You can’t judge the book by its cover’: This phrase indicates that an individual should not be judged solely on the appearance and the external features. This is a rightly said phrase because many times it has been seen that depending on the external features the decision of character analysis of an individual made which should not at all be acceptable.

So now you are well acquainted with the new phrases that are a trend in 2016. You can now use them while making conversation in English and you with the utilisation of the phrases you can now make your language different from others.

Use of French Words and Phrases in the English language

The English language has a great influence of French on its vocabulary, and there are many words from the French origin that are used daily while speaking English. Many of the words might have the same meaning but have been modified in the spelling, but it cannot be denied that they share French roots. It is estimated that near about 28% of the English vocabulary consists of words that have been included from the French language. Like, force, machine, publicity, etc. are of French origin, but presently are used and pronounced as per the English orthography.

French orthography includes nasal vowels that are entire absent from the English language. There are a lot of phrases and words that are being used in the English language without realising that they have been adopted from the French language. Let us study a few of the words and phrases that have transformed English in its modern sense as we study it today.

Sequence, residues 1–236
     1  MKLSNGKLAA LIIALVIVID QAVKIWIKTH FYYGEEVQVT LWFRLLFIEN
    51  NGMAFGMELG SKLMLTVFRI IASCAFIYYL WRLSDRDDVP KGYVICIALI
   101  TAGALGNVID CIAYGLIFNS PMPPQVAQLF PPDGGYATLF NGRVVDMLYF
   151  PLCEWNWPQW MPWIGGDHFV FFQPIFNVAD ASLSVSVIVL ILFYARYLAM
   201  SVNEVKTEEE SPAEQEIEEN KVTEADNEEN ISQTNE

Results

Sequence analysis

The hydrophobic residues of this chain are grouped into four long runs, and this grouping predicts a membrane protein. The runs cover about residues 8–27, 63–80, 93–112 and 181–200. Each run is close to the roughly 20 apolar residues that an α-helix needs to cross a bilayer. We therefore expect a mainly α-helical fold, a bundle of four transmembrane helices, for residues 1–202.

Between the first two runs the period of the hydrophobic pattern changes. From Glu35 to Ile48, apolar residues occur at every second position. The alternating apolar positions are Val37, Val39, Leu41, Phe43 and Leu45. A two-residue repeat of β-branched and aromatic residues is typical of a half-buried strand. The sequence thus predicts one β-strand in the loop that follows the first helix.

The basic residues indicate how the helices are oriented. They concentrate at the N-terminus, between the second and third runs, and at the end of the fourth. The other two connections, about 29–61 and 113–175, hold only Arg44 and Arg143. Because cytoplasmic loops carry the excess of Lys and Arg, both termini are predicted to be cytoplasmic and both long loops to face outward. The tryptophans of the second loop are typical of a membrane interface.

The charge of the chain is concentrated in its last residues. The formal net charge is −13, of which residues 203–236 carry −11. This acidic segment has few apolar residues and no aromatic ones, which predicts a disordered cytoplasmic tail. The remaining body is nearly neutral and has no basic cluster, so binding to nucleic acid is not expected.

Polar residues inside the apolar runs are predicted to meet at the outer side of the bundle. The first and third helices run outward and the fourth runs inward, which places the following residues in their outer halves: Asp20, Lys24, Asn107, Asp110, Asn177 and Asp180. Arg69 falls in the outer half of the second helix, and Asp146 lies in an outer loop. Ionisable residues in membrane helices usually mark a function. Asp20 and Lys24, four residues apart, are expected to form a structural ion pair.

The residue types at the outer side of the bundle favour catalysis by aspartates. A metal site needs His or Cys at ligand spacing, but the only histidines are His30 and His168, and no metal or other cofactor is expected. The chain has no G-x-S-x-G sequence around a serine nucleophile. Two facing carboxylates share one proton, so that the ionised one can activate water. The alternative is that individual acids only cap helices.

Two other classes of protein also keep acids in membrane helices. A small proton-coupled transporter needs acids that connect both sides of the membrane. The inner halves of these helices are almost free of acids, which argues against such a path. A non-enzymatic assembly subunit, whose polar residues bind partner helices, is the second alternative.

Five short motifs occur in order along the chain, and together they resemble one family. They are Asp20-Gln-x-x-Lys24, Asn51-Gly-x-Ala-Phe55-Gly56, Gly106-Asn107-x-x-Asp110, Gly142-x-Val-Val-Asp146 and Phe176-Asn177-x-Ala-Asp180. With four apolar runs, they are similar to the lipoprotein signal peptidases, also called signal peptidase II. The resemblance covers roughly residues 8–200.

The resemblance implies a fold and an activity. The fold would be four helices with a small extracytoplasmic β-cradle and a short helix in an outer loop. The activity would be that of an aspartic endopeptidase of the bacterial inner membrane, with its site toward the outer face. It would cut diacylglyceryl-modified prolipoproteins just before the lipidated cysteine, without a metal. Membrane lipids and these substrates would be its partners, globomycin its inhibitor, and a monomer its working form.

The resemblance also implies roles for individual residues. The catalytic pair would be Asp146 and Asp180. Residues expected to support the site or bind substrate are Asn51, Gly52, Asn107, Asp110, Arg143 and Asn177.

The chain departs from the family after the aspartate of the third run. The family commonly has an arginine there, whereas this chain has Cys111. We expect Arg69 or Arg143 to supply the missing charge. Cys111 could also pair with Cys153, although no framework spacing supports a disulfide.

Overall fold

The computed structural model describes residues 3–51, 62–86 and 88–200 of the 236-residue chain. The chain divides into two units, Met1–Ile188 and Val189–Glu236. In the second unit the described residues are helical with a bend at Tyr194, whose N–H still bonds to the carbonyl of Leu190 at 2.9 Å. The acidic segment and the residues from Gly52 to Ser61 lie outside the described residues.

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Bijou

It is proper French word that has been adopted by the English language. In French, this word means a small gem. However, in the English language, the same word has been adopted but with entirely different meaning and use. From a small jewel in French Bijou was converted to anything stylish with a small size. It might sound funny but is a reality that how the same word has two different meanings. If a person speaking English uses Bijou in any aspect other than jewels in front of a French speaking person, then he might get puzzled and do not understand the reason for using it.

For example, in English one would write, And this was not some tiny bijou hotel foyer. This means that the hotel was not small. The French would use bijou as Je vais vous achater un bijou! It means that I will buy you a jewel.

Femme fatale

This phrase is used as it is in the English vocabulary carrying the same meaning as it has in the French language. The meaning of this phrase means a deadly and seductive woman. It is generally used to describe a woman who is quite dangerous. In English and French it carries the same meaning, but while using this phrase, no one would have ever wondered that it is not an English phrase rather it has been adopted from French. A slight difference is that when this phrase in English is has a very subtle meaning that is a dangerous woman, but in contrast, when the same is used in French it feels to be more sassy in the meaning.

Panache